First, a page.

Rules for Determining Revenue Expenditures

Written by True Tamplin, BSc, CEPF®

Reviewed by Subject Matter Experts

Updated on March 27, 2023

Revenue Expenditures

Income and revenue are not the same. Income of any form is called revenue, whereas revenue is any income or expenditure.

Revenue expenditures are the amounts spent on routine business expenses, such as salaries paid to employees or rent.

Given that revenue expenditures offer benefits to businesses for the current accounting period, they are debited as expenses in the trading and profit and loss account.

At the end of the year, some revenue items may still be on hand, including stock and stationery. These items are transferred to the next year.

Features of Revenue Expenditures

Revenue expenditures have the following features:

  • Recurring nature
  • Arise from trading activities
  • The amount spent on revenue expenditures is relatively small
  • The period of benefit from revenue expenditure is limited to an accounting period

Rules for Determining Revenue Expenditures

Any expenditure can be referred to as an item of revenue expenditure if it is incurred for one of the following purposes:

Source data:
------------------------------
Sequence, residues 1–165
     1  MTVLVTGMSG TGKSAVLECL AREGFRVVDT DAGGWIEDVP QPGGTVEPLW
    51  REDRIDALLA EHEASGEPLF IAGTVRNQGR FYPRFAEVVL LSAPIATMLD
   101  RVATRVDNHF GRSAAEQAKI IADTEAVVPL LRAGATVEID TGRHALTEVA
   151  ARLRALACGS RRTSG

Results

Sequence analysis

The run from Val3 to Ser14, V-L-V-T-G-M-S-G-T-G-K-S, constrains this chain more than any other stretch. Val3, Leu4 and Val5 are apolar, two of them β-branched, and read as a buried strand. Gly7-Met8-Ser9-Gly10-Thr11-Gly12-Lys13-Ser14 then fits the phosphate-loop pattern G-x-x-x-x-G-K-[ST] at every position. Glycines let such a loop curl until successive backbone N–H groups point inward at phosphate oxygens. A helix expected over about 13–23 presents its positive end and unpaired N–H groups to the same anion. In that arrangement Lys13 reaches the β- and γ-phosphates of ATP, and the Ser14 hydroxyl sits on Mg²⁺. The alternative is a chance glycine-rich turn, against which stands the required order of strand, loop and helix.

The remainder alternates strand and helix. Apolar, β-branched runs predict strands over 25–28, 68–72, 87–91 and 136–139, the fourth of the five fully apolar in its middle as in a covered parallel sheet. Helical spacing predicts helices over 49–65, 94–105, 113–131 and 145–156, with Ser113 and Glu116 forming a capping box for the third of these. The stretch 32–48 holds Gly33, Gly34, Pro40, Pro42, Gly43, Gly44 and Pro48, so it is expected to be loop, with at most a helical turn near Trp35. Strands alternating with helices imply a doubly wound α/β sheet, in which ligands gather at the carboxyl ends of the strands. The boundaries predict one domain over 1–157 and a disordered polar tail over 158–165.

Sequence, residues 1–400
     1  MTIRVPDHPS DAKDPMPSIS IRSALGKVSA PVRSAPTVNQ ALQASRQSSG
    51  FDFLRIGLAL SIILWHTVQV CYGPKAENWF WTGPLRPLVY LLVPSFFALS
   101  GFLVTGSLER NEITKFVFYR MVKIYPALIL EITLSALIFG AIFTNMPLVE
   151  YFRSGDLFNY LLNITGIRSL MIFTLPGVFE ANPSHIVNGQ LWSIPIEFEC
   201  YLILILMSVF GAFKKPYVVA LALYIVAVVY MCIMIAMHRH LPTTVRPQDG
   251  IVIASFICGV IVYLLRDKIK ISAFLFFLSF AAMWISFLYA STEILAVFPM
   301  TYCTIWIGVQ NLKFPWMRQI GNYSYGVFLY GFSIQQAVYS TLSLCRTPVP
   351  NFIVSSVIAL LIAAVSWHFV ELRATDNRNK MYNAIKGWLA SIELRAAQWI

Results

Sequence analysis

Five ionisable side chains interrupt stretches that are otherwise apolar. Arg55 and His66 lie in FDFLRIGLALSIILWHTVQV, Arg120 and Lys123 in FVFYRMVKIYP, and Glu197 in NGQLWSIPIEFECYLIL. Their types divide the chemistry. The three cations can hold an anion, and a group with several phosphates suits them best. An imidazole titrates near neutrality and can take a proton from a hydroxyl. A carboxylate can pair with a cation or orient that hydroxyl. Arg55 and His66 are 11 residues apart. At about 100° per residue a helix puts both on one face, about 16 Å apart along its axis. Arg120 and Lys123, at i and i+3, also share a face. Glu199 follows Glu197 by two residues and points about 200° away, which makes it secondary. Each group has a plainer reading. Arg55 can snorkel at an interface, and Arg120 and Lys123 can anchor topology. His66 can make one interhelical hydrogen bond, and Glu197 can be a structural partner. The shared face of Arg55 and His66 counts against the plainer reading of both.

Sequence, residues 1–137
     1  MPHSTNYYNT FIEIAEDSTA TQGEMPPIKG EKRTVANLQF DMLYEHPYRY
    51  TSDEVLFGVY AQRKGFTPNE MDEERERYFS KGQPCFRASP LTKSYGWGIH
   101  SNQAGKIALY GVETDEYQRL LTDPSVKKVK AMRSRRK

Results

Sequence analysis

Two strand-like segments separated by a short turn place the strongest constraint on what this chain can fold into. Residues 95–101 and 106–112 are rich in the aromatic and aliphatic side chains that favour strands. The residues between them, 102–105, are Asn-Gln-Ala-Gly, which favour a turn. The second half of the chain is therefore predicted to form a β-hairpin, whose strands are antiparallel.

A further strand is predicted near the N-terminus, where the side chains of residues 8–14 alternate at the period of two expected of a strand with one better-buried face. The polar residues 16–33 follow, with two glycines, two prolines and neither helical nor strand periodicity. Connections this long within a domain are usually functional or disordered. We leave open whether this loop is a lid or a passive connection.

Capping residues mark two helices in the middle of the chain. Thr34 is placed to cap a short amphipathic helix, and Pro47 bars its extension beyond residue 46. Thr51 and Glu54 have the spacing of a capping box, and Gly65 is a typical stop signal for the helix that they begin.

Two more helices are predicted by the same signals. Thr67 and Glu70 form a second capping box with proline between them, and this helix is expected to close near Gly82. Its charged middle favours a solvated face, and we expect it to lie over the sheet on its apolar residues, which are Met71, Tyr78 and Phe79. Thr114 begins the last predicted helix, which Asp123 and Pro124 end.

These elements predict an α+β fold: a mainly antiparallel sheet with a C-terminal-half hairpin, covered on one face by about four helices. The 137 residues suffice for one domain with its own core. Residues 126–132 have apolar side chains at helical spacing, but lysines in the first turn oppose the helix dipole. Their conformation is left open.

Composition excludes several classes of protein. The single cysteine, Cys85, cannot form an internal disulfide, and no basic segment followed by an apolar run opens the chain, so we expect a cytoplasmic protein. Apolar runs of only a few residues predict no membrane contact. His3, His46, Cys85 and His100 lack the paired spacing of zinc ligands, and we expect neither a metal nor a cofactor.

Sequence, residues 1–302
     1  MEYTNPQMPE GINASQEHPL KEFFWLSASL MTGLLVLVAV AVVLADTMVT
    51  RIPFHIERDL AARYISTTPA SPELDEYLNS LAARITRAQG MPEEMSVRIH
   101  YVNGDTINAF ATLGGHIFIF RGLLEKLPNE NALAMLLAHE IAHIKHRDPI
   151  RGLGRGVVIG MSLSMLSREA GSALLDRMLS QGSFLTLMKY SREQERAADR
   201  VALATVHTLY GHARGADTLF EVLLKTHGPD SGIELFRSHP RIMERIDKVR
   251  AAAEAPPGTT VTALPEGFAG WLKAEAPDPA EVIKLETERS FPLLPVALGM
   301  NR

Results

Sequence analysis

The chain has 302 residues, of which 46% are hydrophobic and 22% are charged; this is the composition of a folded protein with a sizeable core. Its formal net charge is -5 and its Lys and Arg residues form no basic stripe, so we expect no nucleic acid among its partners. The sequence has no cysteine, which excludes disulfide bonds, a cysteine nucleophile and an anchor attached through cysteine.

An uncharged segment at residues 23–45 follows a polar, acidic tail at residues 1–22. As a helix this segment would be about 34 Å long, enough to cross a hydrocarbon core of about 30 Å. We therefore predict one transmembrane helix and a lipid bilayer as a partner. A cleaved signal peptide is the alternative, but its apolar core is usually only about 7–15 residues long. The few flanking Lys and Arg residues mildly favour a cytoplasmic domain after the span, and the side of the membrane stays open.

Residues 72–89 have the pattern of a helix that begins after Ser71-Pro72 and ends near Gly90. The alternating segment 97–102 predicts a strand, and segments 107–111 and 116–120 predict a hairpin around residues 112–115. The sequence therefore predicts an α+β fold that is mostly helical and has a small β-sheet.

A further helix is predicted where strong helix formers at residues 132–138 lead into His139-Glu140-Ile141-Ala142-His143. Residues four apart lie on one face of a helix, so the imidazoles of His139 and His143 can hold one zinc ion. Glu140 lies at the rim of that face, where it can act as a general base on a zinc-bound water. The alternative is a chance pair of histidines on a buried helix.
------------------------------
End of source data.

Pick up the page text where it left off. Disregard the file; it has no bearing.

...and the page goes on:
1. Routine Expenses

Routine expenditures incurred during the daily conduct of business with a benefit of less than one year.


Salaries paid to employees, office rent, interest on capital, and sales and marketing expenses.

2. Maintenance of Fixed Assets

Expenditures incurred to maintain fixed assets.


Repairs, renewals, and depreciation.

3. Consumable Items

Expenditures incurred on consumable items or goods and services for resale in their original or improved shape.


Purchase of raw materials, office stationery, etc.

More Examples

To clarify revenue expenditures further, a list is given below that includes more examples:

  • Salaries and wages paid to employees
  • Rent and rates for the factory or office premises
  • Depreciation on plant and machinery
  • Consumable stores
  • Inventory of raw materials, work-in-progress, and finished goods
  • Insurance premium
  • Taxes and legal expenses
  • Repairs, renewals, and replacements for the purpose of maintaining the existing fixed assets of the business
  • Interest on loans borrowed for business
  • Cost of oil to lubricate machines
  • Cost of merchandise bought for resale

Rules for Determining Revenue Expenditures FAQs

About the Author

True Tamplin, BSc, CEPF®

True Tamplin is a published author, public speaker, CEO of UpDigital, and founder of Finance Strategists.

True is a Certified Educator in Personal Finance (CEPF®), author of The Handy Financial Ratios Guide, a member of the Society for Advancing Business Editing and Writing, contributes to his financial education site, Finance Strategists, and has spoken to various financial communities such as the CFA Institute, as well as university students like his Alma mater, Biola University, where he received a bachelor of science in business and data analytics.

To learn more about True, visit his personal website, view his author profile on Amazon, or check out his speaker profile on the CFA Institute website.